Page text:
On December 23rd, the FDA approved a drug to treat spinal muscular atrophy, the most common cause of childhood death. SMA affects the motor neurons in the spinal cord and brain stem responsible for movement, which includes swallowing and breathing. The most destructive form of SMA proves fatal around the age of 2, most often as a result of suffocation. Until the 23rd, no drugs had been approved by the FDA for the treatment of SMA. Trials in November showed that the new drug, called nusinersen, successfully allowed cells to bypass the genetic flaw that leads to SMA.

Jeffrey Rothstein, a neurologist at the Johns Hopkins School of Medicine in Baltimore, said:

“These [infant-onset] SMA kids are going to die. And not only are they now not dying, you are essentially on the path to a true cure of a degenerative [neurological] disease, which is unheard of.”

Rothstein was not involved in the drug trials or the two companies involved in creation of the drug.

Roughly 1 in 10,000 infants are estimated to suffer from SMA, carried by about 1 in 50 adults who are unaffected by the disease. Two adult carriers have a 25 percent chance of yielding offspring affected by SMA. Milder forms of SMA can allow children to survive longer, even living into adulthood. Children with SMA are missing, or have a defective version of, the protein produced by the SMN-1 gene. The role of the protein is still not well understood by scientists, but without it, motor neurons die off.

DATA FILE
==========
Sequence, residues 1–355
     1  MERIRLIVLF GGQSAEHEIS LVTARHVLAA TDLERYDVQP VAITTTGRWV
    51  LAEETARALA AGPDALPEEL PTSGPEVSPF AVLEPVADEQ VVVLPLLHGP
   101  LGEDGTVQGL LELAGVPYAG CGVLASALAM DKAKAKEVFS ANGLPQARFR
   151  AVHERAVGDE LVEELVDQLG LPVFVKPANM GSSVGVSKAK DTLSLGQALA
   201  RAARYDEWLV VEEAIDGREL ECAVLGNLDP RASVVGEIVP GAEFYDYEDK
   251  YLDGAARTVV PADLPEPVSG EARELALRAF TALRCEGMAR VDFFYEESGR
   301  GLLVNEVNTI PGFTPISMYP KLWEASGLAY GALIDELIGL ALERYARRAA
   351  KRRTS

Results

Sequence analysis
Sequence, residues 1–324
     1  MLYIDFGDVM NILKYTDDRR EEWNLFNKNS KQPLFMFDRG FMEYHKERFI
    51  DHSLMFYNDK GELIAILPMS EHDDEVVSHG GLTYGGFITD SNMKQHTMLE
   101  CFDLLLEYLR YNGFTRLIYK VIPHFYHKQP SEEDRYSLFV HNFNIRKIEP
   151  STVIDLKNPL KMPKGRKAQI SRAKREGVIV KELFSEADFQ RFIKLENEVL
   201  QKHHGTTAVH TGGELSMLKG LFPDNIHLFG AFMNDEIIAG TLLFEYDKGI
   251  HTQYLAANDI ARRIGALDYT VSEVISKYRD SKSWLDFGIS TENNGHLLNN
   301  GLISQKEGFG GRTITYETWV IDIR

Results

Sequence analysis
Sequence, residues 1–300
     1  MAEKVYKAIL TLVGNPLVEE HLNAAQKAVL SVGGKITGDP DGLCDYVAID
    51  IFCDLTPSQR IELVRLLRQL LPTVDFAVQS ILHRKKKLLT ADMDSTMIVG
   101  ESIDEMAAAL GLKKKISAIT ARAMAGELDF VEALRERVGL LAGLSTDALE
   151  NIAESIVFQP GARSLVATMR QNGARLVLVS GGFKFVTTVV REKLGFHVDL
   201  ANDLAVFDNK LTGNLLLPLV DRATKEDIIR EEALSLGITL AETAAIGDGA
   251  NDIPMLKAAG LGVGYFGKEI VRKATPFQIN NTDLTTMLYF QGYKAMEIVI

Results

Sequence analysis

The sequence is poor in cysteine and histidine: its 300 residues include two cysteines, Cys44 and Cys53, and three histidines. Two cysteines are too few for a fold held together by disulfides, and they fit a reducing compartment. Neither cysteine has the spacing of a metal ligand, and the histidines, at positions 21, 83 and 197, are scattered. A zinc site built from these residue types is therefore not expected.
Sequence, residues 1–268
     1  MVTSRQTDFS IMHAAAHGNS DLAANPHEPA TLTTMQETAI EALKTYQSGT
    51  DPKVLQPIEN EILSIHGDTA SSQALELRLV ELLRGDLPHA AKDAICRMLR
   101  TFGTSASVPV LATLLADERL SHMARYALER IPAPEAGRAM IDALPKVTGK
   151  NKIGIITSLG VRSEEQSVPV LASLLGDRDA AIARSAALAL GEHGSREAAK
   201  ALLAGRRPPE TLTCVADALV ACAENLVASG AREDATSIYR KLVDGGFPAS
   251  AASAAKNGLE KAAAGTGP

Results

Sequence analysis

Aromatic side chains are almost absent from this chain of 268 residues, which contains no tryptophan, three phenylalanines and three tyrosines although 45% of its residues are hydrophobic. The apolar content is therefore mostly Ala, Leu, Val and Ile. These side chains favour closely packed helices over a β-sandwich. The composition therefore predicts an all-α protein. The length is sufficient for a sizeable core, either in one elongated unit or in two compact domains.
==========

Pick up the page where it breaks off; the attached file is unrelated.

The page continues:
Some children carry varying amounts of copies of the SMN-2 gene, which produces a smaller amount of the protein. With enough copies of SMN-2, these children can survive considerably longer.
The foundation was laid for nusinersen in 2003 at Cold Sping Harbor Laboratory in New York , where Adrian Krainer and a colleague created a synthetic, RNA-like molecule. The molecule is able to alter the way the SMN-2 gene gets transcribed into the messenger RNAs that are translated to produce the relevant protein. Neuroscientist Frank Bennett took notice of the work, and contacted Krainer. The resulting collaboration led to the development of the drug – basically a piece of RNA called an antisense oligonucleotide, which ensures that the SMN-2 gene produces the full SMN protein during the transcription process. Drug trials began in 2011, and scientists reported success extending life spans and enhancing the motor function of children affect by SMA.

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